This statement of support came from people whether or not they attended or used these facilities. For example, among those people who had not been to an art gallery in the previous 12 months, 65% rated them as being important or very important in their community, while 92% of those who had not been to a library rated libraries in the same way.
IMPORTANCE OF CULTURAL VENUES(a), 1997
Source: Public Attitudes to the Arts, Australia, November 1997 (cat. no. 4157.0), jointly published with the Australia Council.
Funding for cultural activities and services
Most people were also in favour of governments providing some financial support for the arts and cultural facilities. Libraries were the most supported of the four services and activities that were identified in the survey. Over 90% of the population believed libraries should receive some government funding, while more than half the population thought live theatre, art galleries and orchestras were also deserving of financial assistance.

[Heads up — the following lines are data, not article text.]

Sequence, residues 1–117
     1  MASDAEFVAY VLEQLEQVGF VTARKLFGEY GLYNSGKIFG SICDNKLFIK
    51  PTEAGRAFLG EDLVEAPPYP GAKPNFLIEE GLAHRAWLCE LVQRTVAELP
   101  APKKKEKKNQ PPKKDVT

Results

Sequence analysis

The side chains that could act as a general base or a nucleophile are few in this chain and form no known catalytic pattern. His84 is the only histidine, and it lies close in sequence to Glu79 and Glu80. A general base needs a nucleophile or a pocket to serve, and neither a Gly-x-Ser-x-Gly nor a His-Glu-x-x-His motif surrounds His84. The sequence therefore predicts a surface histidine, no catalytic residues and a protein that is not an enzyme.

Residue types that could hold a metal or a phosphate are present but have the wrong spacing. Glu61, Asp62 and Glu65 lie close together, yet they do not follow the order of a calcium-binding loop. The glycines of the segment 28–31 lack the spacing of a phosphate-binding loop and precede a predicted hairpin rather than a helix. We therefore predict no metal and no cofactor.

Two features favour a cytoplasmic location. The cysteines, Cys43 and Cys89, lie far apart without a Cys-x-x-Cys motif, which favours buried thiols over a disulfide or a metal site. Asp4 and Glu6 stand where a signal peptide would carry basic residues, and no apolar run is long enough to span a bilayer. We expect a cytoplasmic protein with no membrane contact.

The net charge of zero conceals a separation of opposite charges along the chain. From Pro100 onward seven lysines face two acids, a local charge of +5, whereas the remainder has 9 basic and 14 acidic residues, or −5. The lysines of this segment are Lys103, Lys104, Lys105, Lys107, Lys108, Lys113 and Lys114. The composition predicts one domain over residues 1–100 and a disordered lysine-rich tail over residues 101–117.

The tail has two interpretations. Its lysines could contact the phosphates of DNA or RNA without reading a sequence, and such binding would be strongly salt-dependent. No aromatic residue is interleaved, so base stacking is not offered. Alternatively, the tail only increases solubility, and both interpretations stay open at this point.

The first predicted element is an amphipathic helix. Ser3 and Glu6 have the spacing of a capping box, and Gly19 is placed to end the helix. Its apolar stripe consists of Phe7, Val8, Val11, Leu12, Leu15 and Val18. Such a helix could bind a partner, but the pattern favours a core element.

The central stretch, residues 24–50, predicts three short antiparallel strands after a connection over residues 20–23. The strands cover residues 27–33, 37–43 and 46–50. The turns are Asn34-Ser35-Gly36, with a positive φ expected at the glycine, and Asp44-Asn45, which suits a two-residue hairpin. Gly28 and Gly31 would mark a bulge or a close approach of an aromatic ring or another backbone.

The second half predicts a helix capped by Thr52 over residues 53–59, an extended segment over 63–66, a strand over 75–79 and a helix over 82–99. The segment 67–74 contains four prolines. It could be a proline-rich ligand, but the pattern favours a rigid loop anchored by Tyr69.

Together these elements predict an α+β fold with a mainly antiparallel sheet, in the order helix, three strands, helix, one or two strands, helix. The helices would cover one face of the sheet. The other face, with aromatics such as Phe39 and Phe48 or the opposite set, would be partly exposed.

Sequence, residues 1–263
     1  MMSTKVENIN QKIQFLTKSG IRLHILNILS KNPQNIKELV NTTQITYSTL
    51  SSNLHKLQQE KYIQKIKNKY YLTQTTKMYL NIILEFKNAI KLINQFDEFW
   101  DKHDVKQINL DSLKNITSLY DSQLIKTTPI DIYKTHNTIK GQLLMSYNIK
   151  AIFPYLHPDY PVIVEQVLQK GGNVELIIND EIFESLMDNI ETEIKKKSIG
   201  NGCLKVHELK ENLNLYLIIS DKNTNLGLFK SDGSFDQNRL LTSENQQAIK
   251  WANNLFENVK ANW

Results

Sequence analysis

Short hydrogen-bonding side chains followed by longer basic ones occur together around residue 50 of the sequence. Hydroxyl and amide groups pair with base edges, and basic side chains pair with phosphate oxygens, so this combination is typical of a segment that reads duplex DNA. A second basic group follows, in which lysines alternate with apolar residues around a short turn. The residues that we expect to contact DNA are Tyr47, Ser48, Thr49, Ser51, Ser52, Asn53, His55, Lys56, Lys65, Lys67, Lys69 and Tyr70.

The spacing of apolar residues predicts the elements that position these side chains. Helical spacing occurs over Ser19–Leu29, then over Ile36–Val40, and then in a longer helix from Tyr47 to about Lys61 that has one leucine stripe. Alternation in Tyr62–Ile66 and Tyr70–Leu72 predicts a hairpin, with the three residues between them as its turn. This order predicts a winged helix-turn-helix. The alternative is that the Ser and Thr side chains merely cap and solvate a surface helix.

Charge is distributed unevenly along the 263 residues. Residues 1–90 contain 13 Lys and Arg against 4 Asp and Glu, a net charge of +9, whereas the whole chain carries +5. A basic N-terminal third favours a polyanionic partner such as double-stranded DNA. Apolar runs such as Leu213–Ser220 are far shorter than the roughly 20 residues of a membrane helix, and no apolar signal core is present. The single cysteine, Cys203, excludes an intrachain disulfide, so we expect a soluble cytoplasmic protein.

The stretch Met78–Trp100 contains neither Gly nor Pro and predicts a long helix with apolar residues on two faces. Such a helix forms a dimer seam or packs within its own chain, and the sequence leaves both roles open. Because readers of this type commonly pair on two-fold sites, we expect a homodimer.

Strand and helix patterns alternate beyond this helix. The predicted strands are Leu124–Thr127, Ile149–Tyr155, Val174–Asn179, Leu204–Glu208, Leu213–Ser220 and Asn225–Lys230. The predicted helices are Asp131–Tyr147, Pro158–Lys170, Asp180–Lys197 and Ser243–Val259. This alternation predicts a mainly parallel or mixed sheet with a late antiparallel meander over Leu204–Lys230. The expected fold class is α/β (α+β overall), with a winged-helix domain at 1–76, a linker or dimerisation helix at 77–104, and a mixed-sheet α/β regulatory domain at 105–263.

Governments support a wide range of cultural activities and venues. For example, zoological and botanic gardens, museums and historic sites along with art galleries and libraries are all supported. Government funding for 'cultural facilities and services' (facilities included are listed in table above) totalled $1,568 million in 1996-97. Of this, approximately 16% ($253 million) was provided by the Commonwealth Government, 48% ($752 million) by the State and Territory governments and 36% ($564 million) by local government. The largest proportion (44%) of government funding for cultural activities and services was directed to libraries. This was followed by museums (14%) and performing arts venues and arts centres (12%).